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Federally indicted Feeding Our Future leader Aimee Bock is alleging that the Minnesota Department of Education purposely misspelled words and mislabeled and deleted documents to prevent computer searches from revealing them in a civil lawsuit, violating state law.

The Education Department sued Bock, 43, of Apple Valley and the now-defunct Feeding Our Future a year ago, seeking to recoup legal fees after the nonprofit sued the department in 2020 over stopped payments.

Bock — who is charged in the criminal case that prosecutors say totaled more than $250 million, one of the largest pandemic fraud cases in the country — filed new counterclaims last week alleging that employees deleted large amounts of data and "intentionally engaged in deceptive practices" by mislabeling documents and misspelling words to conceal documents from being included in the 2020 case.

A statement from the Education Department on Wednesday said: "Ms. Bock's recent legal claims are simply the latest example of her abusing the court system to deflect attention from her own misconduct. Our attorneys have moved to dismiss her claims, and we feel confident the Attorney General's Office will be successful."

Among examples in Bock's filing:

• One employee mentioned using a burner phone while other employees referenced Feeding Our Future simply as "F."

• In a 2021 message, an employee wrote that they were trying to remove "F references so may not be an I T hit." Another employee misspelled "stop pay" as "stoop pais."

• "If you spell incorrectly it's harder to see arch for stuff," an employee messaged a colleague.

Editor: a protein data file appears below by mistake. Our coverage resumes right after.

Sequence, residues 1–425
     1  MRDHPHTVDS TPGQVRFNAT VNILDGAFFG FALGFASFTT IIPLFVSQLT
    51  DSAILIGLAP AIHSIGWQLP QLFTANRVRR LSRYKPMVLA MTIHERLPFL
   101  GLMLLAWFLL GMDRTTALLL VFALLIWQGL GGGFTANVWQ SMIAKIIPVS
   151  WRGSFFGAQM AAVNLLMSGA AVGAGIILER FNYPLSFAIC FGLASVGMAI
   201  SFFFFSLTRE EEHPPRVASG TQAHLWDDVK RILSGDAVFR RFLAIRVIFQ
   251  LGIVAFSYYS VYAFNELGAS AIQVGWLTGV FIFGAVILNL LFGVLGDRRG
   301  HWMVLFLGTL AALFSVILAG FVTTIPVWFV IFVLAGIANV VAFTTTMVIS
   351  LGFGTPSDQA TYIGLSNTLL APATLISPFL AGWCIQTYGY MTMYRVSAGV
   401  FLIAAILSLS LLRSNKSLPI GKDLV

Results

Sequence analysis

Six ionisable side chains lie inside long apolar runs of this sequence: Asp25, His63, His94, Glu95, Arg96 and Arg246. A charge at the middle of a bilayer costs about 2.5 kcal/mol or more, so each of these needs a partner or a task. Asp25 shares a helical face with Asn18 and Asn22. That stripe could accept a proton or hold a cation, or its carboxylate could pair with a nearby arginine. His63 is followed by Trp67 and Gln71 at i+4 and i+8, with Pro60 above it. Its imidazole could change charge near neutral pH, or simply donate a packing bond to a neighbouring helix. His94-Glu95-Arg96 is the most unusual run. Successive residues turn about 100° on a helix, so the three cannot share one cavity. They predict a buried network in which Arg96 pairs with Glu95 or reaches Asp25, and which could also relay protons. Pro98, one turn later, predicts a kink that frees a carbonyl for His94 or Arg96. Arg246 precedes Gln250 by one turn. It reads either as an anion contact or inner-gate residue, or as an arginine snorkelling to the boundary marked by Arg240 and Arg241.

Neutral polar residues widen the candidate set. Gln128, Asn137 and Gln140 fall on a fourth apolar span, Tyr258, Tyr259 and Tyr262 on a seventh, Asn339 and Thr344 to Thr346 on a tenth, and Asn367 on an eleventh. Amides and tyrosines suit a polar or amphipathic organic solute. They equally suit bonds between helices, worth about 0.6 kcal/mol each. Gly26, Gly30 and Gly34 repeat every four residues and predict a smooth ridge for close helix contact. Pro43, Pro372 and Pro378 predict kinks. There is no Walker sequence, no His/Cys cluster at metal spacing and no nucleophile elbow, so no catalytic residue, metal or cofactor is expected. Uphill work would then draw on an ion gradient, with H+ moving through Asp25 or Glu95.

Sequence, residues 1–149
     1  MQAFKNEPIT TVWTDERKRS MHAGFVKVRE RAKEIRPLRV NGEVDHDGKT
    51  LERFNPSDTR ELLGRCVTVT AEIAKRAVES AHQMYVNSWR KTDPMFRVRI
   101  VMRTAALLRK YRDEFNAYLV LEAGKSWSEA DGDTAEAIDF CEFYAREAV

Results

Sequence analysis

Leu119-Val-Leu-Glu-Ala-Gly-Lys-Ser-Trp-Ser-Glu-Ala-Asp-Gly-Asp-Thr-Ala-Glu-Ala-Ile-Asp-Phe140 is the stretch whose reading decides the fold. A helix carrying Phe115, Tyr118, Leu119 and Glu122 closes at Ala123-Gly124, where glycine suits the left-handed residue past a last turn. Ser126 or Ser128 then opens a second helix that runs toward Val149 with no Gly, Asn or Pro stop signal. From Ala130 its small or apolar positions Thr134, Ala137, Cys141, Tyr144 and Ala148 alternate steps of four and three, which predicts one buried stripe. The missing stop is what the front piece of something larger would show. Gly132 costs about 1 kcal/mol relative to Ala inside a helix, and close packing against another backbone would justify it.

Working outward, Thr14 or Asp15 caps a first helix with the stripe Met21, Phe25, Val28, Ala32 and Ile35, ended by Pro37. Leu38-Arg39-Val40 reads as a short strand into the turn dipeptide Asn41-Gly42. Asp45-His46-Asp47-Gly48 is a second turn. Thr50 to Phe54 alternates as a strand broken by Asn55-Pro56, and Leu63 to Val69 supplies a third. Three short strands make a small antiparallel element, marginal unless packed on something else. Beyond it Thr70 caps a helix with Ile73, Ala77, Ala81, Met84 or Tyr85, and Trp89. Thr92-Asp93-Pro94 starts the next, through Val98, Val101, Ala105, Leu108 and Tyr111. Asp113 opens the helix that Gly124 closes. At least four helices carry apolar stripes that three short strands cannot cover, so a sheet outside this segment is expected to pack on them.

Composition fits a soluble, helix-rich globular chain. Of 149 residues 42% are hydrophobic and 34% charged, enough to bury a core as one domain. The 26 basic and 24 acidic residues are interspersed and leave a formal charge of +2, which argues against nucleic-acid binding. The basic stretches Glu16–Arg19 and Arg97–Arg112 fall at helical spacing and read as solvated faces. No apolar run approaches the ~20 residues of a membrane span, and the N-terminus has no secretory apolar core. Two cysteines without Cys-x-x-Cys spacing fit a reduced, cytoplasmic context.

• One employee encouraged a colleague to discuss something over the phone instead of typing it. An employee admitted to deleting a document related to Feeding Our Future, though it's unclear what the document was.

Bock, who is representing herself in the civil case and has denied any wrongdoing in the criminal case against her, is seeking an undisclosed amount in damages for the emotional distress she said the Education Department caused her as well as damages for "tortious interference with business relationships."

Assistant Attorney General Christopher Stafford filed a court notice that the Education Department will seek to dismiss Bock's counterclaims. A hearing is scheduled for April 3.

Aimee Bock, the former executive director of the nonprofit Feeding Our Future, pictured in 2022, is alleging that the Minnesota Department of Education purposely deleted and hid documents to prevent them from being documented in a...
Aimee Bock, the former executive director of the nonprofit Feeding Our Future, pictured in 2022, is alleging that the Minnesota Department of Education purposely deleted and hid documents to prevent them from being documented in a...

Shari L. Gross, Star Tribune

The lengths that government employees allegedly went to in order to thwart public transparency is alarming, said Mark Haveman, executive director of the nonpartisan Minnesota Center for Fiscal Excellence, a tax watchdog group based in St. Paul. He called the allegations "jaw-dropping."

"It raises red flags," Haveman said. "I've never heard of burner phones being used and I've never heard of purposely misspelling things so that, in case a [data practices act] request comes up, it's not going to catch it. ... It just suggests there are things they don't want to come to light and I don't think that exactly serves the purpose of good government."

Attorney Jennifer Urban, who is representing Feeding Our Future, not Bock, said Bock's allegations were a surprise to the organization.

"We're just kind of sitting and watching [Minnesota Department of Education] and Aimee go after one another," Urban said.

State Republicans scrutinized the Education Department's oversight of the meal programs in 2022, holding Capitol hearings questioning officials. The Legislative Auditor's Office is conducting a special review of the Education Department's oversight of Feeding Our Future, which was initially slated for release last summer and is now scheduled to be released in March.